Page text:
Verdict: I enjoyed reading this story tremendously and I can’t wait to see what Erin Morgenstern comes up with next.

The “Book Tour” Continues…

More book signings!  Here are some cool spots where you can find me and the book in the coming months.  I’m really, quite excited about each and every one.  I’ll even be in costume for some of them… 

RR_Signings

So, if you’re in the neighborhood, swing by and say hi!  I’ll have new character prints and other fun goodies to share.

Cheers!

Finding Nemo

Confession: I’ve never been a huge fan of Finding Nemo

And I’ve always felt a little guilty about that.  This marked the first occasion where I left a Pixar screening with a lukewarm feeling, rather than being WOW!-ed.

Don’t get me wrong: I do like this movie.  In fact, I have liked every Pixar feature film I’ve ever seen in some capacity (though I avoided The Good Dinosaur and all of the Cars sequels and spinoffs). I’m just not moved by Finding Nemo. I don’t relate to it personally.  Given the choice, I would pick several others from Pixar’s collection to watch first.

Viewing it again for this series, I went in with the sincere hope that it would resonate with me differently as an adult, as it happened with A Bug’s Life and Monsters, Inc. (both of which I already loved, have watched repeatedly over the years, and I often think about).  However, Nemo struck me about the same as before. I can now articulate more clearly the aspects of it that I enjoy and I realize that there are more things I like, while also identifying the specifics of why this movie has never struck a chord with me.

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Monsters, Inc.

*Contains Spoilers*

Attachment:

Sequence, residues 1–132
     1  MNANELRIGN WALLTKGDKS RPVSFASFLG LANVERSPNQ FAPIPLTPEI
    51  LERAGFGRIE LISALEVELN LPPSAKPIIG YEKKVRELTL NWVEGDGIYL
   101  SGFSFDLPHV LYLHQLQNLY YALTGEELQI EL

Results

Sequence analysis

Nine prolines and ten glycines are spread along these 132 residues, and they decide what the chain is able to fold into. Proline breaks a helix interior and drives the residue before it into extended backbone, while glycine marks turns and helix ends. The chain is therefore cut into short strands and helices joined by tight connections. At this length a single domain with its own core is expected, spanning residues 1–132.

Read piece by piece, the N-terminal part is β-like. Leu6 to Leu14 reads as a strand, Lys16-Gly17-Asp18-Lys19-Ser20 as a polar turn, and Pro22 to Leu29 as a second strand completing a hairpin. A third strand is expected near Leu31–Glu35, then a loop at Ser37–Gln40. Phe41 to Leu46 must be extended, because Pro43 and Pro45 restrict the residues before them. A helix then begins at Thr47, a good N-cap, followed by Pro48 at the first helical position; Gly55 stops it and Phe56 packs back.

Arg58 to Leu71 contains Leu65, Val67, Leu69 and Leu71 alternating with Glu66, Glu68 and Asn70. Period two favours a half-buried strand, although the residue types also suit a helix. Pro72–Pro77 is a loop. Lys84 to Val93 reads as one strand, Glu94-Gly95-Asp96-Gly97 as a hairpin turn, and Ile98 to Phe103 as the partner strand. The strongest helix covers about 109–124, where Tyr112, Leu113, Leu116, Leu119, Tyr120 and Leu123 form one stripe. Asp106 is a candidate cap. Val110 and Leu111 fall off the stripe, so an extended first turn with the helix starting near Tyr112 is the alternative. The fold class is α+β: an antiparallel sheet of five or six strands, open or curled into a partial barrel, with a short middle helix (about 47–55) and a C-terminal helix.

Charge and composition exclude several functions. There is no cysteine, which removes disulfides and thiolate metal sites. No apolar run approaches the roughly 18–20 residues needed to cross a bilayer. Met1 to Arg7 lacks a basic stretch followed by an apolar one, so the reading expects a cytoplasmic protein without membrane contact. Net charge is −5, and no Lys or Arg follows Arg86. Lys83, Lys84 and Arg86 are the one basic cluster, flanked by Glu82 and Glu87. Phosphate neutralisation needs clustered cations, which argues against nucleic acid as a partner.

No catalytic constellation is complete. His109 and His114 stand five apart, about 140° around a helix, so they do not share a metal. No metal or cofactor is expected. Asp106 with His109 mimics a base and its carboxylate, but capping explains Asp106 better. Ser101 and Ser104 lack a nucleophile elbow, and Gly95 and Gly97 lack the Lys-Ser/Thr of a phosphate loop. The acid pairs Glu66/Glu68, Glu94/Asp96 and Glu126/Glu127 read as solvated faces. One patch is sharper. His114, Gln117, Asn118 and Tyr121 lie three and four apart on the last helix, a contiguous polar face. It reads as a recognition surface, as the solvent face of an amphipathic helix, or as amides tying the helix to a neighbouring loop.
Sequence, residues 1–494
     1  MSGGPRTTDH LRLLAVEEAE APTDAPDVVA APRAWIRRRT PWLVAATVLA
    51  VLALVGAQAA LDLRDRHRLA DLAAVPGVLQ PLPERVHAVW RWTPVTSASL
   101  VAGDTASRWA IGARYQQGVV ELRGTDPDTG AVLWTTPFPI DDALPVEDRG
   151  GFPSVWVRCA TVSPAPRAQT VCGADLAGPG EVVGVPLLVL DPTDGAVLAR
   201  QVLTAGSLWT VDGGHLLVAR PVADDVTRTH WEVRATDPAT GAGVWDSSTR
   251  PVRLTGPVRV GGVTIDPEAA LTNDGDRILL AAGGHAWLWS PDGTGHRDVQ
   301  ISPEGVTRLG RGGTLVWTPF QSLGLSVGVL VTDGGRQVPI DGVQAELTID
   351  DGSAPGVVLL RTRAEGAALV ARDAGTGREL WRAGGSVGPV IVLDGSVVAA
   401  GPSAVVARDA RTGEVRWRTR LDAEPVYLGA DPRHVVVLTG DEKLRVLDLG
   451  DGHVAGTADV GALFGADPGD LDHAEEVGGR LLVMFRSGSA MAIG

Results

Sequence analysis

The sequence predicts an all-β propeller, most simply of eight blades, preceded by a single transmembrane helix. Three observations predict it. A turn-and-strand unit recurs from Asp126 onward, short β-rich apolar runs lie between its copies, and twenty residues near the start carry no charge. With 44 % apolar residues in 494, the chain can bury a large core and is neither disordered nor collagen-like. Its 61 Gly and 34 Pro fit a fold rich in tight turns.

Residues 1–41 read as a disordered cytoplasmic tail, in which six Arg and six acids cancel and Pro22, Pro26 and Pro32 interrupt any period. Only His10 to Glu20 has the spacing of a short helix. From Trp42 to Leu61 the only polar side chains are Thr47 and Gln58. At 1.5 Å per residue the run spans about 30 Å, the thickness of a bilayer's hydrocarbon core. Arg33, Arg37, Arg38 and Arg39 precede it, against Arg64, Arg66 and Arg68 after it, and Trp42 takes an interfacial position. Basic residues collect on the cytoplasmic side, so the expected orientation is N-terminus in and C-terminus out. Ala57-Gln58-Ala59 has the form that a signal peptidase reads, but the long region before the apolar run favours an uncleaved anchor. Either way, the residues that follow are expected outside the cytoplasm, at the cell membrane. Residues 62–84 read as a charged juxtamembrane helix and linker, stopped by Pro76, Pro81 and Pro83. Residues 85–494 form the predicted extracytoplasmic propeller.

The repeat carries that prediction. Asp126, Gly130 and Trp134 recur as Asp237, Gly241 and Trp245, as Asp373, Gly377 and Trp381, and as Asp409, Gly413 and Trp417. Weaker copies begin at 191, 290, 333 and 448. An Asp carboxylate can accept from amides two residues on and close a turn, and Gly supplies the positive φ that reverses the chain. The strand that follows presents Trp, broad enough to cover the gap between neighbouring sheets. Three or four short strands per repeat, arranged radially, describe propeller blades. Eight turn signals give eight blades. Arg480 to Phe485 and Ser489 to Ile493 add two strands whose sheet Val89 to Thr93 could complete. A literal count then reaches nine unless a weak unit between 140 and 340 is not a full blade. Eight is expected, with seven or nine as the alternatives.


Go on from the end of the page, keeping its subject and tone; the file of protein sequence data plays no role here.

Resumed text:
Pete Docter may be my favorite of the Pixar directors.  He helmed some of my favorite of the studio’s stable: Monsters, Inc., Up, and Inside Out.  Watching Monsters, Inc., I am reminded how much worldbuilding it requires, right from the jump.   I would argue that it remains one of Pixar’s most imaginative movies to date.  It does not take place in our world – let alone a bedroom or sunny backyard – but rather delves into a parallel dimension, populated by wildly outlandish characters.  The characters dip into our world frequently, but the landscape virtually encompasses the entire globe.  That is an immense undertaking, and a huge risk.  That said, Pixar’s success with its first three films laid the groundwork for them being able to present something so “out-there,” and, thus, continue with even more radical ideas in the future.  After all, Pixar was launched on a wild, unprecedented venture, so it’s not exactly surprising.

What was surprising, however – apart from the dynamic worldbuilding and physical comedy (we’ll come back to that) – was the depth of the movie’s theme.  Of course, at four films into the studio’s collection, depicting deep themes was clearly their M.O., weaving these subjects delicately so it reaches audiences emotionally,  regardless of age, but not coming off as preachy.   And, like with A Bug’s Life, the message struck me a lot harder and a lot more powerfully as an adult.   As Sully summarizes during the film’s conclusion:

“…laughter is ten times more powerful than screams…”